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Thursday, February 2, 2023
HomeNewsArchivesSt. Thomas Deputy Elections Supervisor Resigns

St. Thomas Deputy Elections Supervisor Resigns

Stephanie BarnesSt. Thomas Deputy Supervisor of Elections Mabel Maduro resigned, effective Thursday, and the V.I. Joint Board of Elections Friday voted to assign Maduro’s duties to St. Thomas Board of Elections administrative assistant Sharon Benjamin, at a special meeting Friday on St. Croix.

Maduro’s letter of resignation, submitted on Tuesday, says she is leaving "to pursue other interests," and provides no further explanation.

The changes at the St. Thomas office come after a conflict between Maduro and V.I. Elections Supervisor John Abramson, which resulted in her suspension and reinstatement last year.

Abramson asked for Maduro’s dismissal in a September 2012 letter, citing poor job performance. The complaint arose during Maduro’s bid for the senate-at-large seat, with Abramson saying the run posed a conflict of interest with her elections job.

The motion to terminate failed at a September meeting. Instead the board issued a 30-day suspension of duties without pay.

In December, the Joint Board reinstated Maduro and directed that she be given back pay for the time she was suspended.

Abramson has been on medical leave and is not expected to return before his retirement in June.

At the Joint Board organizational meeting in February, St. Thomas member Arturo Watlington Jr. moved to have Benjamin take over Maduro’s duties, while leaving Maduro in the position. Watlington’s motion failed.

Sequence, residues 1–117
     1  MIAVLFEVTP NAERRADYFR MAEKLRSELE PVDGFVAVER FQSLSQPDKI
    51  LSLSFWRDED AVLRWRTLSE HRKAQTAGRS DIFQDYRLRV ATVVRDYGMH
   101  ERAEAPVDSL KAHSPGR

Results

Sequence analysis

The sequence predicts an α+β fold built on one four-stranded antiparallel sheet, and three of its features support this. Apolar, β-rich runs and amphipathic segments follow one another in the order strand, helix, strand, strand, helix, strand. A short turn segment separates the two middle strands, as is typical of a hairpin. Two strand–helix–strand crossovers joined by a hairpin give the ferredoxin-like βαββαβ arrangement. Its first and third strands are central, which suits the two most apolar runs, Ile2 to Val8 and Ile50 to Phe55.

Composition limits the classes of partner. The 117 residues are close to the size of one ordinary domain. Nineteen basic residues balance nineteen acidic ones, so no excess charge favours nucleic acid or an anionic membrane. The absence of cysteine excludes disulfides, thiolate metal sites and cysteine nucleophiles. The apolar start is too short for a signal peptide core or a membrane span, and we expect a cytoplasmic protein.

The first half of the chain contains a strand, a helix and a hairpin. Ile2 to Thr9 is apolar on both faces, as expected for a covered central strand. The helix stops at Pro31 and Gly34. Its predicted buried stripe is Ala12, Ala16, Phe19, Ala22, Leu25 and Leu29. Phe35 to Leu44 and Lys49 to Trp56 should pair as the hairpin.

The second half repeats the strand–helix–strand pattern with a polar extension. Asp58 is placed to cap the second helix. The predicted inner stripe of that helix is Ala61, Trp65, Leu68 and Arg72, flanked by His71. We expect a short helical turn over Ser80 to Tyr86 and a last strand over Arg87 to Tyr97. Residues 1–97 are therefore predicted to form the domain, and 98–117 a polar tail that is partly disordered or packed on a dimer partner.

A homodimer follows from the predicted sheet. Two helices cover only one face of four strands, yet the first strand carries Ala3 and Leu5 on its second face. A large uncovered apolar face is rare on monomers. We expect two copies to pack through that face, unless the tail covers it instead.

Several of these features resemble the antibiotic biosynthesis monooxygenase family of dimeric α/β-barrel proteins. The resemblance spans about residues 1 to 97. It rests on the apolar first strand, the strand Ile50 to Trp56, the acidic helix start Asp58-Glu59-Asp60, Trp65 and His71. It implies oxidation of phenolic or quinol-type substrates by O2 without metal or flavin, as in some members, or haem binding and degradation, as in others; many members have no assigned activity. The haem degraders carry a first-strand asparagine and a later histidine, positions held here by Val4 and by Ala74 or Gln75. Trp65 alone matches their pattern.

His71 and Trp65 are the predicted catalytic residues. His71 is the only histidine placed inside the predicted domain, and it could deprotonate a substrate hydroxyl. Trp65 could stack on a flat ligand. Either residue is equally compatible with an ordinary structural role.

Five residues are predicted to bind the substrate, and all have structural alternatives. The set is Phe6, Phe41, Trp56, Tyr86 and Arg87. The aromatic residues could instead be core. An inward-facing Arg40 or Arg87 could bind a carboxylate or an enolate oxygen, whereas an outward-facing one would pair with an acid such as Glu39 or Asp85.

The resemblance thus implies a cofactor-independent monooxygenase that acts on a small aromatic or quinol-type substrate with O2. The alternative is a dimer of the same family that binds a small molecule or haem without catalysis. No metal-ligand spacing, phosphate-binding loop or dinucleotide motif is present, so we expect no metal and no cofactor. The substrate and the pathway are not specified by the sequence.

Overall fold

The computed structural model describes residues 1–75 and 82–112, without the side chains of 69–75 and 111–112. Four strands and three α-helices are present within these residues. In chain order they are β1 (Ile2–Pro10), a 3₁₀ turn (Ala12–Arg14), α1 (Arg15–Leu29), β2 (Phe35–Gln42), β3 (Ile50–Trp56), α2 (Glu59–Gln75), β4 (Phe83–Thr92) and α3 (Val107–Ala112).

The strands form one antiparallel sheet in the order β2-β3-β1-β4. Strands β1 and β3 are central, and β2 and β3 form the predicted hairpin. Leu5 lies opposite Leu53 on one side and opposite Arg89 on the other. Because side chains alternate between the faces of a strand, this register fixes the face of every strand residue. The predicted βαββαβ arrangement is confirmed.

Friday, Watlington moved to have the Joint Board give Benjamin the duties and responsibilities of the St. Thomas deputy supervisor. Voting yea were: Watlington, Lawrence "Larry" Boschulte, Claudette Georges, Alecia Wells, Lisa Harris-Moorhead, and Rupert Ross. Former Sen. Adelbert Bryan voted no and Raymond Williams abstained. Absent were Wilma Marsh-Monsanto, Lydia Hendricks, Harry Daniel, Liliana de O’Neal and Roland Moolenaar.

The vote occurred after a controversy over adjournment. The board voted to adjourn, then immediately voted to reconvene when Watlington said they had neglected to act on the Benjamin appointment. Bryan argued that it was a violation of meeting notice requirements to immediately reconvene a meeting, because it was a new meeting that must be publicized. The five absent members left, then the meeting proceeded to a vote and the board re-adjourned.

The joint board also voted to create a temporary personnel committee to look into a complaint made by Abramson against St. Croix Deputy Supervisor James Weber II, and an election reform committee to propose changes to V.I. election law so the V.I. Legislature can act on them during legislative session scheduled for June. Both committees are to meet and report back to the Joint Board at its next meeting, which is scheduled for April 24 on St. Thomas.

In other matters, Stephanie Barnes, the territory’s Americans with Disabilities Act coordinator, told the board the U.S. Election Assistance Commission should release Help America Vote Act funding for new voting machines once the territory gets a letter certifying compliance with the federal Americans with Disabilities Act and submits it to the EAC. Problems with the St. Thomas office have been corrected by moving to a new location and that letter should arrive "very soon," Barnes said.

And Assistant Attorney General Kimberly Salisbury gave the board a presentation on what V.I. laws need to be amended to comply with the federal Uniformed and Overseas Citizens Absentee Voting Act, known as UOCAVA.

In 2012, the U.S. government went to court to force the territory to comply with the terms of UOCAVA, which requires states and territories to transmit absentee ballots to military and overseas voters at least 45 days before primary and general elections.

In September 2012, the V.I. Joint Board of Elections entered into a consent decree with the federal government over the issue. The 29th V.I. Legislature passed legislation making some of the necessary changes in 2012. Those changes take effect in 2014.

Salisbury gave information about which laws need modification. The election reform committee created at Friday’s meeting is to take that information and draft recommended changes both to law and to all the other election system deadlines that would be affected by the changes to the law.

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